Determination of Organic Acids in Wine and Fruit Juices with Ion Exclusion Chromatography

By: Ingrid Hayenga, AnalytiX Volume 6 Article 3

........ Our brand standard solutions ensure reliable quantification


Senior Scientist R&D


The measurement of organic acids in wines is complementary to sensorial and microbiological quality assessment in fermentation control, for example, because the types and concentrations of the different acids influence the resulting color and taste of the wine. Winemakers must monitor the concentration of various organic acids to ensure the quality of their wines. Tartaric, citric, and malic acid are added to adjust the pH. Malic acid levels must be monitored closely as many wines undergo a malolactic bacterial fermentation which reduces the acidity of the wine, as the malic acid is converted to lactic acid. Acetic acid is the main product of oxidation and can also spoil a wine.

In this article, we describe two different applications, both of which benefit by using high quality organic acid standards:

  1. Determination of organic acids in red and white wines
  2. Separation of organic acids in fruit juices

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Part 1: Organic acids in red and white wines

Our aim in this project was to use ion exclusion chromatography for the simultaneous determination of the following organic acids of primary importance in wine: phosphoric acid, citric acid, tartaric acid, galacturonic acid, malic acid, succinic acid, lactic acid and acetic acid. Additionally, we compared two different sample preparation techniques that are common in the food industry: off-line with SPE and on-line with dialysis.

The wine samples were from Switzerland and Germany:

White wine:
(1) Müller-Thurgau, Baden (D)
(2) RieslingxSylvaner, Graubünden (CH)

Red wine:
(3) Merlot, Ticino (CH)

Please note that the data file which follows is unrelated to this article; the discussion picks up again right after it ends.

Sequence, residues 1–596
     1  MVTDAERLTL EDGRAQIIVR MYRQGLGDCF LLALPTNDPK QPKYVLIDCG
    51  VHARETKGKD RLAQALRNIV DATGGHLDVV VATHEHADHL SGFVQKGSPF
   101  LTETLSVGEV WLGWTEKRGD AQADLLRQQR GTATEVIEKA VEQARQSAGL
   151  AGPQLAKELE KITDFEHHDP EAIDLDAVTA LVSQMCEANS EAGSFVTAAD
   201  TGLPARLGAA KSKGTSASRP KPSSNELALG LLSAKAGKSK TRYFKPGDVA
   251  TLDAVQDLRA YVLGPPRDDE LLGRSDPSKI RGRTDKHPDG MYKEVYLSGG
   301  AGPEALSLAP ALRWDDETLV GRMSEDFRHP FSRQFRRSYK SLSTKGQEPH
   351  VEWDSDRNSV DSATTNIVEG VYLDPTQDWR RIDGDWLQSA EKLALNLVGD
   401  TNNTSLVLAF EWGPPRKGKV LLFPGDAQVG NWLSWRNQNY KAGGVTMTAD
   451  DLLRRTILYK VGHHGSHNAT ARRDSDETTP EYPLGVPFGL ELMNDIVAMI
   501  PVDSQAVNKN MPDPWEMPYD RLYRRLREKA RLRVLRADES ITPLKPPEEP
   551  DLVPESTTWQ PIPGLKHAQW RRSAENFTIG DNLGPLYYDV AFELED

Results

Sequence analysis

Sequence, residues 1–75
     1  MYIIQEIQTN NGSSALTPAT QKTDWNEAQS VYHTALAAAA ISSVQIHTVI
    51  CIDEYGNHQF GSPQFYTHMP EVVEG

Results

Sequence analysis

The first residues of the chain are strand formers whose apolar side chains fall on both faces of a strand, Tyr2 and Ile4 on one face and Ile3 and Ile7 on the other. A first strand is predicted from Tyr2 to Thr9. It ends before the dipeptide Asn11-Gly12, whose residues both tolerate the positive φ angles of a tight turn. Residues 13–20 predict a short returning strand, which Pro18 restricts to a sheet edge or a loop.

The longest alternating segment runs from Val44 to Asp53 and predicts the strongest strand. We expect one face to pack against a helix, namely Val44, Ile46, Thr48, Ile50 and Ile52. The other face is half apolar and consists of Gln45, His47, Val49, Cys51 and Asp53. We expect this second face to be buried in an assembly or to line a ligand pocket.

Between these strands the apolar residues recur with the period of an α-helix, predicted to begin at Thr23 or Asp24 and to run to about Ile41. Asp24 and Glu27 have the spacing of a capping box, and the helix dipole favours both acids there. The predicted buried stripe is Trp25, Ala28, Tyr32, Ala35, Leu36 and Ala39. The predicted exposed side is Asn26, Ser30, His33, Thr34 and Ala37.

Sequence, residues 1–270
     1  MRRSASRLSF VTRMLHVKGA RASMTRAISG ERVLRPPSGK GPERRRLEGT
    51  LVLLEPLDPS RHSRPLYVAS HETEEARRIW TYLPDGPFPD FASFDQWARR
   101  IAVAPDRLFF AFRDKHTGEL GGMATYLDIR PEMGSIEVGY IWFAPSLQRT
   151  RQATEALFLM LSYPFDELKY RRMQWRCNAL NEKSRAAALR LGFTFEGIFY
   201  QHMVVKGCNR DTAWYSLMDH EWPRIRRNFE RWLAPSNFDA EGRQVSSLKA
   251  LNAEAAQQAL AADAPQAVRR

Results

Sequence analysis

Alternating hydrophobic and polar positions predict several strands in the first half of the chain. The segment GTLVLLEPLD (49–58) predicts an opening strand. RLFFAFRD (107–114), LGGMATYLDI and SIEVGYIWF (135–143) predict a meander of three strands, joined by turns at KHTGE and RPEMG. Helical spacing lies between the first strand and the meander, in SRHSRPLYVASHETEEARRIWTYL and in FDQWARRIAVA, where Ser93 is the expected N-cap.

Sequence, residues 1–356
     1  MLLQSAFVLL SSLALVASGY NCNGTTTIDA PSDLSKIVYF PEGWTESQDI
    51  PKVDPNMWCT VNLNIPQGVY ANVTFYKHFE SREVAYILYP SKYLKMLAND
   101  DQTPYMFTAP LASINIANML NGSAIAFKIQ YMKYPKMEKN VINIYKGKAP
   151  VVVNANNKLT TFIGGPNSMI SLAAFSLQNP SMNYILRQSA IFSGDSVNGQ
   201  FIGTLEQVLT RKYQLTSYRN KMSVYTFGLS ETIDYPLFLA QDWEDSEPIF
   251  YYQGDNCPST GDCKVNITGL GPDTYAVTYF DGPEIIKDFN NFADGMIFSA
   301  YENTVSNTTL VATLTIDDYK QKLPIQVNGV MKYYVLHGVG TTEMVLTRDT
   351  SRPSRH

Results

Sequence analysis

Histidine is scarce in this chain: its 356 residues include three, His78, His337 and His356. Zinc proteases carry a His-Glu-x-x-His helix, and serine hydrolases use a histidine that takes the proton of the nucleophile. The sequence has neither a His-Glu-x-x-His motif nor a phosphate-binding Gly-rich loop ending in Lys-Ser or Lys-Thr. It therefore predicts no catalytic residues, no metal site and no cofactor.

(4) Zizerser Blauburgunder, Malans (CH)

The HPLC analyses were performed using ion exclusion chromatography with conductivity detection on a sulfonated resin in the H+ form (e.g. SUPELCOGEL C- 610H column or equivalent) by A. Rumi, Metrohm Ltd., Switzerland.

Sample preparation


1. Sample preparation using SPE

Wine samples spiked with organic standard solutions, non-spiked wine samples, a blank solution and standard solutions for calibration were extracted by SPE using the following protocol:

SPE protocol

  • Condition the Supelclean LC-4 cartridge (Supelco, Cat. No. 57089) with 2 mL methanol followed by 4 mL eluent
  • Add 1 mL sample solution with a micropipette having disposable tips
  • Elute with 4 x 2 mL eluent
  • Fill to the final volume with eluent


2. Sample preparation using dialysis

The wine samples and standard solutions were diluted with eluent to the final volume and dialysed (dialysis cell, Metrohm).

Examples of the separation of an SPE extract of organic acid standards and a white wine sample are shown in Figures 1 and 2, respectively. A linear response for each acid at five different concentrations was achieved. The concentrations of the standard solutions were chosen in such a way that the whole expected concentration range of each acid in the samples was covered. The precision was determined by consecutive injections of blank wine samples and spiked ones.

Figure 1 Organic acid standards (after SPE)

Figure 2 Organic acids in white wine 1, Müller-Thurgau (after SPE)


Conditions (Figures 1 and 2):
Column: Ion exclusion HPLC column (H+ form), 25 cm x 8 mm